re:fi.64

Overloading functions with the C preprocessor

Overloading functions with the C preprocessor

Created on 2014-09-15 - Comments

Let's have an imaginary scenario: you're trying to make a library that has a special function, myfunc . Now, this functions needs to have two possible ways to invoke it. One way takes one int parameter, the other takes two. Here's how you might do that in C++:

void myfunc(int);
void myfunc(int, int);

C doesn't have a way to do this. You'll often see code like this:

void myfunc_1(int);
void myfunc_2(int, int);

However, this can be implemented, albeit in a slightly convoluted way, using a very controversial tool: the C preprocessor.

warning
This is a very messy method that is bound to cause confusion. Do not use this is real production code. Ever. At all.

Here's the code in myfunc.h:

#ifndef MYFUNC_H
#define MYFUNC_H

void _myfunc_1(int a)
{
    puts("Got 1 arg");
}

void _myfunc_2(int a, int b)
{
    puts("Got 2 args");
}

#define _MYFUNC_SEL(_1, _2, _3, ...) _3
#define myfunc(...) _MYFUNC_SEL(__VA_ARGS__, _myfunc_2, _myfunc_1)(__VA_ARGS__)

#endif // MYFUNC_H

and the main file:

#include "myfunc.h"

int main()
{
    myfunc(1); // Got 1 arg
    myfunc(1, 2); // Got 2 args
    return 0;
}

What's going on here? The easiest way to see is to look at what happens in the preprocessor.

The first call ( myfunc(1) ) expands to this:

_MYFUNC_SEL(1, _myfunc_2, _myfunc_1)(1)

Remember, __VA_ARGS__ expands to the ... arguments. The _MYFUNC_SEL macro returns the third argument, _myfunc_1 . Therefore, the expansion is ends up being:

_myfunc_1(1)

The second call ( myfunc(1, 2) ) expands to this:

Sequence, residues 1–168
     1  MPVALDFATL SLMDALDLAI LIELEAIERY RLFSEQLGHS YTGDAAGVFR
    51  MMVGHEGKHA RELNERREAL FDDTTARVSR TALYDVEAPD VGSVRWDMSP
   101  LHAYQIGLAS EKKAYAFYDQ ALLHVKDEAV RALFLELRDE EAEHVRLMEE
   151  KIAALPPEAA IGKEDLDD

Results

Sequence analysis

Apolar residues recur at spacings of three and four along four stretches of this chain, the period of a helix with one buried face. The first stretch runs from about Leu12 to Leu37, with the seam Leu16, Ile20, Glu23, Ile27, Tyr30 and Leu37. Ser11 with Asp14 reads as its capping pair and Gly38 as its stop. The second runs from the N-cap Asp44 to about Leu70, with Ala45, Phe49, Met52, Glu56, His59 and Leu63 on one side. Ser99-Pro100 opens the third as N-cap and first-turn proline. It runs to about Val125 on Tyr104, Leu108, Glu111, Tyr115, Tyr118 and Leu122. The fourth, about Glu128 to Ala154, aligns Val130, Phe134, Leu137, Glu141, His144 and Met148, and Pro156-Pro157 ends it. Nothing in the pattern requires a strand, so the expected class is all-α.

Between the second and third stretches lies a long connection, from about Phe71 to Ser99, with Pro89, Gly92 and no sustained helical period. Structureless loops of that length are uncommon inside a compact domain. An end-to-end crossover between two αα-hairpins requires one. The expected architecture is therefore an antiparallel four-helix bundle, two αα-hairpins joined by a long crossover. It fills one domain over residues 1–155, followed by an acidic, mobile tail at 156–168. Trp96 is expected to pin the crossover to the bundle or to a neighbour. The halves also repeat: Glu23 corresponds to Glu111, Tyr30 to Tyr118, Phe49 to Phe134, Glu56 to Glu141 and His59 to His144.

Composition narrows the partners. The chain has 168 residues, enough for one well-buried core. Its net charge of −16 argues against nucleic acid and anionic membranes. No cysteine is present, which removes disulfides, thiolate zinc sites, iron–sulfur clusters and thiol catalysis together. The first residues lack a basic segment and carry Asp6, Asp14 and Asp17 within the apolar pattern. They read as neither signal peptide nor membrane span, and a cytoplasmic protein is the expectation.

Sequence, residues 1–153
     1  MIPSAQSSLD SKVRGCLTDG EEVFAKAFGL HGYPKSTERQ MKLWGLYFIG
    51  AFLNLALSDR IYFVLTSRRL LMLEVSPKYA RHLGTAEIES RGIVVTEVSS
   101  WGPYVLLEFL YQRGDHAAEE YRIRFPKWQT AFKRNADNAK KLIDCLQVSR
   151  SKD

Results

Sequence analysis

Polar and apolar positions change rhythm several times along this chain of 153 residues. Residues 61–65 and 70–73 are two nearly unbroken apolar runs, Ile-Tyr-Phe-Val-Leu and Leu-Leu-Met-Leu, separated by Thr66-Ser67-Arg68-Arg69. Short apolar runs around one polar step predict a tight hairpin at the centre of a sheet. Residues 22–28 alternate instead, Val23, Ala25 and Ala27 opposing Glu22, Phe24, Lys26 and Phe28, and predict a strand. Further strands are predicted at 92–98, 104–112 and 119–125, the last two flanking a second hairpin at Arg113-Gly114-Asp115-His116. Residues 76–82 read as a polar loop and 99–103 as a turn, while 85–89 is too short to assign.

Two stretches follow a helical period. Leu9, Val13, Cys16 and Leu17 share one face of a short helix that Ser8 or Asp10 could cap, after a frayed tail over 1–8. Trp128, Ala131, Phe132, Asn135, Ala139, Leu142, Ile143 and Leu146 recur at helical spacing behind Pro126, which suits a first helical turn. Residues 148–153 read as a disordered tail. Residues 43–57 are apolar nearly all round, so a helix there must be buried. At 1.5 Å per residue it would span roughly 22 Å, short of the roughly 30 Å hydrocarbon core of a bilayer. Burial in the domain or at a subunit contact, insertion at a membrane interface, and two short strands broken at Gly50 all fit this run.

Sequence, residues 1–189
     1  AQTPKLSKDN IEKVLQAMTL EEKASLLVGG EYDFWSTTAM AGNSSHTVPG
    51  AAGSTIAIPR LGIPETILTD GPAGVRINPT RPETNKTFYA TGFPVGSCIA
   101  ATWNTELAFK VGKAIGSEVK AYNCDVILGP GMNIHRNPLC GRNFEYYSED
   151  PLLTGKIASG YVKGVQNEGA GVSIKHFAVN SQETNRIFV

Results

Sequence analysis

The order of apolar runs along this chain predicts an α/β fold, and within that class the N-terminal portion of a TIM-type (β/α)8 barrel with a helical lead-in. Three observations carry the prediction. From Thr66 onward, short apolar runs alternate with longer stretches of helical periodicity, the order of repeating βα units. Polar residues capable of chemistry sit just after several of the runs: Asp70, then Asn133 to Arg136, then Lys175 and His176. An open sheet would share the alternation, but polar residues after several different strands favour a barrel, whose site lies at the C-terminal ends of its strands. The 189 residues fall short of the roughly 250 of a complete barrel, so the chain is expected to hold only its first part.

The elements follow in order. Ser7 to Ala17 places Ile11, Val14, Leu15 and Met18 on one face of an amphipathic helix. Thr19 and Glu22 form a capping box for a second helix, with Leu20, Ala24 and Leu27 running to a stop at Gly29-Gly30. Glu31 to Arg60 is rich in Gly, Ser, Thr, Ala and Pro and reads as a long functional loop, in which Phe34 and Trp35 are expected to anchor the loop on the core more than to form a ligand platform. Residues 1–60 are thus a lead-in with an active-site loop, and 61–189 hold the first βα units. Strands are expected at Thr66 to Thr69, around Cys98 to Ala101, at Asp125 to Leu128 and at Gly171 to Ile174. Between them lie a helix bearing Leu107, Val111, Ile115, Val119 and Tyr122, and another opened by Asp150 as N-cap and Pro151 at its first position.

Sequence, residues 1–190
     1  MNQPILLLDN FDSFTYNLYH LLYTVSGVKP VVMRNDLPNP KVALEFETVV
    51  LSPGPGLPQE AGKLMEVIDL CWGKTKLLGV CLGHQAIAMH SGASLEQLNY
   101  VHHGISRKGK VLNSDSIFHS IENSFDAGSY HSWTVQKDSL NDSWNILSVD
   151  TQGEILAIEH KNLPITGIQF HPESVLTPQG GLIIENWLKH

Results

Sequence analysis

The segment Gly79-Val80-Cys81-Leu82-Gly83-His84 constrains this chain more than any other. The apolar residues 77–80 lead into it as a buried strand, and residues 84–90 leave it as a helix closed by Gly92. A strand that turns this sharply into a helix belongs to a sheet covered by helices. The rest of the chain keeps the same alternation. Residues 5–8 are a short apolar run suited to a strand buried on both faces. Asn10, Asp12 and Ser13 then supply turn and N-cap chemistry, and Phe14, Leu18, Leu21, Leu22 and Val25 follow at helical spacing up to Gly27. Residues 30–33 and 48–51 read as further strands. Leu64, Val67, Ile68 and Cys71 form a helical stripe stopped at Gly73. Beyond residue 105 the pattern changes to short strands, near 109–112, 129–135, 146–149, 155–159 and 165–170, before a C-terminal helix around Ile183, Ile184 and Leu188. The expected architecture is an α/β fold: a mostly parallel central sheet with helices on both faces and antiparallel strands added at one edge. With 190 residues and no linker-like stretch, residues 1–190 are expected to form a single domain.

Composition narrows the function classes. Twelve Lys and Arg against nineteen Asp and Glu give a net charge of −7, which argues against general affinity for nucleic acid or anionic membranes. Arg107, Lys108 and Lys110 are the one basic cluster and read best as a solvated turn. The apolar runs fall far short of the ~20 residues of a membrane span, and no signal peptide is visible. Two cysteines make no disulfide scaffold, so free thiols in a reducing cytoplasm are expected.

_MYFUNC_SEL(1, 2, _myfunc_2, _myfunc_1)(1, 2)

Again, _MYFUNC_SEL returns the third argument, which, in this case, is _myfunc_2 .

Now you're probably beginning to realize how simple the underlying logic is.

However, what if you need to overload by types instead? In C11, that's easily possible using the _Generic feature. See this for more info. Here's the new myfunc.h:

#ifndef MYFUNC_H
#define MYFUNC_H

void _myfunc_1_int(int a)
{
    puts("Got 1 int");
}

void _myfunc_1_void(void* x)
{
    puts("Got 1 pointer");
}

void _myfunc_2(int a, int b)
{
    puts("Got 2 args");
}

#define _MYFUNC_1(x) _Generic((x), int: _myfunc_1_int, void*: _myfunc_1_void)(x)
#define _MYFUNC_SEL(_1, _2, _3, ...) _3
#define myfunc(...) _MYFUNC_SEL(__VA_ARGS__, _myfunc_2, _MYFUNC_1)(__VA_ARGS__)

#endif // MYFUNC_H

and the new main source file:

#include "myfunc.h"

int main()
{
    myfunc(1); // Got 1 int
    myfunc((void*)NULL); // Got 1 pointer
    myfunc(1, 2); // Got 2 args
    return 0;
}

Let's review the expansion process:

myfunc(1)
_MYFUNC_SEL(1, _myfunc_2, _MYFUNC_1)(1)
_MYFUNC_1(1)
_Generic((1), int: _myfunc_1_int, void*: _myfunc_1_void)(1)

Now, the _Generic function basically is like pattern-matching on types. (See the linked article above for more info.) The _Generic call evaluates to:

_myfunc_1_int(1)

See how the magic works?

All in all, you can see how much you can do with the preprocessor. Just don't abuse it, because the error messages kind of...well...suck. I'll put a way to get better errors in a future post.